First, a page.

05 SES 12, School Alienation: Causes and Consequences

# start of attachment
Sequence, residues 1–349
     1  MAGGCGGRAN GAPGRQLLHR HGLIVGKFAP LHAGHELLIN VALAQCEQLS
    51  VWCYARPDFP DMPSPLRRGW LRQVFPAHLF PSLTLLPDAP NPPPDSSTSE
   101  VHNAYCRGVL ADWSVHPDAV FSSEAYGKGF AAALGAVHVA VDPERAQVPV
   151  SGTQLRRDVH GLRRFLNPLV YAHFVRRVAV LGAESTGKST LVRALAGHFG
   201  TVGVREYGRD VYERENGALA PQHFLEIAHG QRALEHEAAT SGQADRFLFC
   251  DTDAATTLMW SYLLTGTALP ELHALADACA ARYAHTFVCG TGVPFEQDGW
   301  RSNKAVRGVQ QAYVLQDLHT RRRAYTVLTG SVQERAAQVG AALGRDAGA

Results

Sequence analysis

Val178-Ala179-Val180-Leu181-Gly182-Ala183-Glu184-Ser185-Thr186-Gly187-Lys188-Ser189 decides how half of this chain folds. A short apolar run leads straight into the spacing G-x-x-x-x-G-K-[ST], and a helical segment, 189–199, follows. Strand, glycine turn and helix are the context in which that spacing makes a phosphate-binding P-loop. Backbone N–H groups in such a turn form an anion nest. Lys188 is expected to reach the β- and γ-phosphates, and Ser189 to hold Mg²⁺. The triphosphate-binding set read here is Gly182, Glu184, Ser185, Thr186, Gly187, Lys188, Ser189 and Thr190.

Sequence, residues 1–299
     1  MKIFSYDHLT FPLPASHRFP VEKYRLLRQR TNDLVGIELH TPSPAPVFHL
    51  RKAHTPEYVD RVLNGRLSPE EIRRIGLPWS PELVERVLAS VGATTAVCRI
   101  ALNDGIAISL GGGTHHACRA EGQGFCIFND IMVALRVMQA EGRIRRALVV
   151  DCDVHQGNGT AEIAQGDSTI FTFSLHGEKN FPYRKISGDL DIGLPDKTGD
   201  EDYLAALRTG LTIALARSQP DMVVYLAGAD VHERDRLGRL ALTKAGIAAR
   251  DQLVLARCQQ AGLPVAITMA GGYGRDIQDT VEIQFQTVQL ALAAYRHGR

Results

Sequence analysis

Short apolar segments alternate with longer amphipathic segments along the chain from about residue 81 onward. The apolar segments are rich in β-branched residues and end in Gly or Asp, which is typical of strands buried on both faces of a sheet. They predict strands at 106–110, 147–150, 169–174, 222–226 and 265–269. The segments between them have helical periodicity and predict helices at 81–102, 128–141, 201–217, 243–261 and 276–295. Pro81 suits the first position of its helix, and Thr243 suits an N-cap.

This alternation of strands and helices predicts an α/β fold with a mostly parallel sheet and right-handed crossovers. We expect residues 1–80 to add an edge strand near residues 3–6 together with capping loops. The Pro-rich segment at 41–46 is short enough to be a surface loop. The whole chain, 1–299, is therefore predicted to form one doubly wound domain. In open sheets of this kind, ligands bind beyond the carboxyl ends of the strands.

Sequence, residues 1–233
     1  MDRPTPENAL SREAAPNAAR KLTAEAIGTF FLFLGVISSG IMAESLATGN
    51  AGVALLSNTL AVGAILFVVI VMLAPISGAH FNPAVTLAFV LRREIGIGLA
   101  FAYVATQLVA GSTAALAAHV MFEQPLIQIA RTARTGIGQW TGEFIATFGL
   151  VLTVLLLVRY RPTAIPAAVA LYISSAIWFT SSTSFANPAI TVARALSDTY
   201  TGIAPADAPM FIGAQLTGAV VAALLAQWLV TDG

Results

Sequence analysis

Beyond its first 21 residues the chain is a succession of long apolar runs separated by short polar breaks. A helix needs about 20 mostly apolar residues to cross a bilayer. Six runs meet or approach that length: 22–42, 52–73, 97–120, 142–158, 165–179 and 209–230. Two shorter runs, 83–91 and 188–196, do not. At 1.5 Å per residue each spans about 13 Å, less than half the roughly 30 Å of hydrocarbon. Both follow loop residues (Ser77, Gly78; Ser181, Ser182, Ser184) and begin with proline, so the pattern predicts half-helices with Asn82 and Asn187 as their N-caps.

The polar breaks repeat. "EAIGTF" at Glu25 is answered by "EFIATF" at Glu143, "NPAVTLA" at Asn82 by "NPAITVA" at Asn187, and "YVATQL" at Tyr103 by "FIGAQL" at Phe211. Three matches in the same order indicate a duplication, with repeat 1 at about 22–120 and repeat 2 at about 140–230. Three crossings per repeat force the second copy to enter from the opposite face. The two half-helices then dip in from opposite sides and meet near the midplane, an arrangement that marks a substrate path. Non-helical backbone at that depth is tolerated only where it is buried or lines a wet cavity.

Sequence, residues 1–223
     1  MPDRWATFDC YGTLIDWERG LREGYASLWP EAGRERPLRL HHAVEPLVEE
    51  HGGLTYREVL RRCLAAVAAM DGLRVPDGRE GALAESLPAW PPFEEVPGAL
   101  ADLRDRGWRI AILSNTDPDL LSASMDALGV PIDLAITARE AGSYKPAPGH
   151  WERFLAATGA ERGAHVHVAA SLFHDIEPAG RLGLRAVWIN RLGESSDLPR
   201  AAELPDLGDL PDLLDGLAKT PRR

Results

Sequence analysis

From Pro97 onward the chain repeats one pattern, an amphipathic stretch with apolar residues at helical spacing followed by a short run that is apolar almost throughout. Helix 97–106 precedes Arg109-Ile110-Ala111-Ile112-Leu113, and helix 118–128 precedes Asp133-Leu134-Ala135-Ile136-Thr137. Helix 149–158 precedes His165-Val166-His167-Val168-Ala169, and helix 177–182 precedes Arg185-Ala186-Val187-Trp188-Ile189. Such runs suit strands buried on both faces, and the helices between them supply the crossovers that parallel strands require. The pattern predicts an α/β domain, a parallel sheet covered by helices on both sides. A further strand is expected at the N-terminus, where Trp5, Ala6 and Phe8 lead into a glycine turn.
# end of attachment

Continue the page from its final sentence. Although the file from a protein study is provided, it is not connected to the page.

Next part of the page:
Adolescent alienation is particularly relevant in the school environment. The phenomenon of alienation describes a student’s level of academic and social disengagement from school. There is considerable evidence that a student’s experience of alienation is profoundly shaped by psychological and personal factors, yet school factors including inequitable expectations, grading, and discipline policies also contribute to a student’s feeling of disconnection. This paper presents the findings of a phenomenological study which examined the experiences of males aged 16 to 19 who self-identified as being alienated from their school system. Five participants engaged in three semi-structured interviews and one perception check. Descriptions revealed common themes throughout the structure of the experience. These themes were: (1) need to build relationships despite negative consequences, (2) loss of trust in school adults, and (3) fear of failure and of disappointing self and family. The invariant structure (essence) that emerged was the interrelationship among these themes as related to belonging, trust, and self-worth. The paper further explores the idea that developmental, comprehensive school counseling programs that target inequitable school practices and policies will reduce the number of adolescents feeling a sense of alienation from school, from educators, and from learning.
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